Recognizing and Coping With Bi-Polar

by Tracey Wilson - Date: 2006-11-30 - Word Count: 751 Share This!

Bipolar disorder (manic-depressive illness) is a mood disorder, which means that the symptoms are disturbances or abnormalities of mood. Major depression is a more common illness, the symptoms of which are mainly those of 'low' mood. Bipolar disorder involves episodes of both serious mania and depression. The person's mood swings from excessively 'high' and irritable, to sad and hopeless, and then back again, with periods of normal mood in between. Different from normal mood states of happiness and sadness, symptoms of manic-depressive illness can be severe and life threatening. However, because many artists, musicians and writers have suffered from bipolar illness, the effect of the illness has sometimes been trivialized, and regarded in some way as beneficial for artistic creativity. In fact, for those afflicted with the illness, it is extremely distressing and disruptive.

Bipolar disorder is the third most common mood disorder after major depression and dysthymic disorder. It affects about 1% of adults during their lifetime. Symptoms typically begin during adolescence or early adulthood, and continue to recur throughout life. Men and women are equally likely to develop this disabling illness. The consequences of the illness can be devastating, and may include marital break-ups, unemployment, alcohol and drug abuse. Bipolar illness is often complicated by co-occurring alcohol or substance abuse. Without effective treatment, bipolar illness leads to suicide in nearly 20% of cases.

Effective treatments are available that greatly reduce the suffering caused by bipolar disorder, and can usually prevent its devastating complications. However, bipolar disorder is often not recognized by the patient, relatives, friends, or even physicians. People with bipolar disorder may suffer needlessly without proper treatment, for years or even decades. Also, many patients do not respond to at least one drug, and many show no response to several. This means that combination treatment is often the rule because a combination of different drugs with different methods of action can be more effective without increasing the risk of side effects. Lithium is still the most used drug overall in mania, but mood stabilizing, anticonvultants are also widely used.

Fifteen Styles of Distorted Thinking

1). Filtering- You take the negative details and magnify them while filtering out all positive aspects of a situation.

2). Polarized Thinking- Things are black or white, good or bad. You have to be perfect or you're a failure. There is no middle ground.

3). Over-generalization- You come to a general conclusion based on a single incident or piece of evidence. If something bad happens once, you expect it to happen over and over again.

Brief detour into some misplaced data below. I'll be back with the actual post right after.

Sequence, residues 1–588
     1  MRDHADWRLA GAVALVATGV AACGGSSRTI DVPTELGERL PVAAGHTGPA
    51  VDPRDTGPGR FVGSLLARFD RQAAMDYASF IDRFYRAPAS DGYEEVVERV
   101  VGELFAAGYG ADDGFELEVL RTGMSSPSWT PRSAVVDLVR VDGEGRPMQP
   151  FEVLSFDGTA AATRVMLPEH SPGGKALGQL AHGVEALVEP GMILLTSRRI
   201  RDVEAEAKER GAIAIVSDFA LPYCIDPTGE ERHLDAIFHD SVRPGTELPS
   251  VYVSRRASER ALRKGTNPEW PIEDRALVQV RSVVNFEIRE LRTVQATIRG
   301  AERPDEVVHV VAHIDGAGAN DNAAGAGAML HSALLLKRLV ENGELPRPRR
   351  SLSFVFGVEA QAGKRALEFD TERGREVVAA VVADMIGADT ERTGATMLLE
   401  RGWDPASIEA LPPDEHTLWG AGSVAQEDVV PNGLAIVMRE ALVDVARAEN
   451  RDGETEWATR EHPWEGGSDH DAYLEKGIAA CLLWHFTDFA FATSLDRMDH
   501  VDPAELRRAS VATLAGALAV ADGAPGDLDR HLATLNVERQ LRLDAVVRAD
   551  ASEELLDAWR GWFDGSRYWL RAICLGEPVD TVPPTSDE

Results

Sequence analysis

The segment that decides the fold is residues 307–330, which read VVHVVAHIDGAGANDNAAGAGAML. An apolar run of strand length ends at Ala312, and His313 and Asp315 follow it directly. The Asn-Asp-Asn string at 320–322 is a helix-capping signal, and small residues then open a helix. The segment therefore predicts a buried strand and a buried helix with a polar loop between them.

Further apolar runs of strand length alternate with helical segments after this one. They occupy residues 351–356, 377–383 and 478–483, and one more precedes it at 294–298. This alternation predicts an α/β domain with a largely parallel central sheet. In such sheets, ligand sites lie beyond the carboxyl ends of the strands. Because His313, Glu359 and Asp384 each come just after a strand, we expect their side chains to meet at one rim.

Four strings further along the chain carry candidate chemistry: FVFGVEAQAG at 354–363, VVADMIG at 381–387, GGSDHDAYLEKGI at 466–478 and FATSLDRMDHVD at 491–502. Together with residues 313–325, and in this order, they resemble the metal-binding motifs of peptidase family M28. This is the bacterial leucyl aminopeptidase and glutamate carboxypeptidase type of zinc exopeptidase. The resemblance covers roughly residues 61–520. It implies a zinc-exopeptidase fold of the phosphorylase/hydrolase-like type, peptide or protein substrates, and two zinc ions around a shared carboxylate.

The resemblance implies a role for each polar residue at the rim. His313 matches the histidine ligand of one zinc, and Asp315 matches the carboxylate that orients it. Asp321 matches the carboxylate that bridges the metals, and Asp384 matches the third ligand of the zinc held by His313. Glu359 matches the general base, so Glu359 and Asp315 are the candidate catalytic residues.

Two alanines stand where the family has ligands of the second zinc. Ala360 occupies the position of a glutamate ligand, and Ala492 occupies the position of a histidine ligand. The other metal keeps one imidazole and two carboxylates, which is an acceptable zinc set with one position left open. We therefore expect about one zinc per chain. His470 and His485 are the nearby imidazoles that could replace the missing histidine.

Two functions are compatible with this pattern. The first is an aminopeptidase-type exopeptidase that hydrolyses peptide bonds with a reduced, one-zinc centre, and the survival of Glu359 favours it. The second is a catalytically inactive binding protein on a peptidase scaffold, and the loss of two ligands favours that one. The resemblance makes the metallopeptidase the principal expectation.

4). Mind Reading- Without their saying so, you know what people are feeling and why they act the way they do. In particular, you are able to divine how people are feeling toward you.

5). Catastrophizing- You expect disaster. you notice or hear about a problem and start, "What ifs? What if tragedy strikes? What if it happens to you?"

6). Personalization- Thinking everything people do or say is some kind of reaction to you. You also compare yourself to others, trying to determine who's smarter, better looking, etc. . .

7). Control Fallacies- If you feel externally controlled, you see yourself as helpless, a victim of fate. The fallacy of internal control has you responsible for the pain and happiness of everyone around you.

8). Fallacy or Fairness- You feel resentful because you think you know what's fair but other people won't agree with you.

9). Blaming- You hold other people responsible for your pain, or take the other track and blame yourself for every problem or reversal.

10). Shoulds- You have a list a ironclad rules about how you and other people should act. People who break the rules, angers you and you feel guilty if you violate the rules.

11). Emotional Reasoning- You believe that what you feel must be true automatically. If you feel stupid and boring, then you must be stupid and boring.

12).Fallacy of Change- You expect that other people will change to suit you if you just pressure or cajole them enough. You need to change people because your hopes for happiness seem to depend entirely on them.

13). Global Labeling- You generalize one or two qualities into a negative global judgment.

14). Being Right- You are continually on trial to prove that your opinions and actions are correct. Being wrong is unthinkable and you will go to any length to demonstrate your rightness.

15). Heaven's Reward Fallacy- You expect all your sacrifices and self-denial to pay off, as if there were someone keeping score. You feel bitter when the reward doesn't come.

- References from Pensacola, Florida Local Stress Unit Brochure

Related Tags: help, care, love, pain, advice, depression. death, harm, hurt, hotline, therapist, counselor, friend

Tracey Criswell Wilson is an author on http://www.Writing.Com/ Many of Tracey's writings which include, non-fiction, poetry, prose and many different fiction genres, can be found on this site, which is a site for Fiction Writing. Your Article Search Directory : Find in Articles

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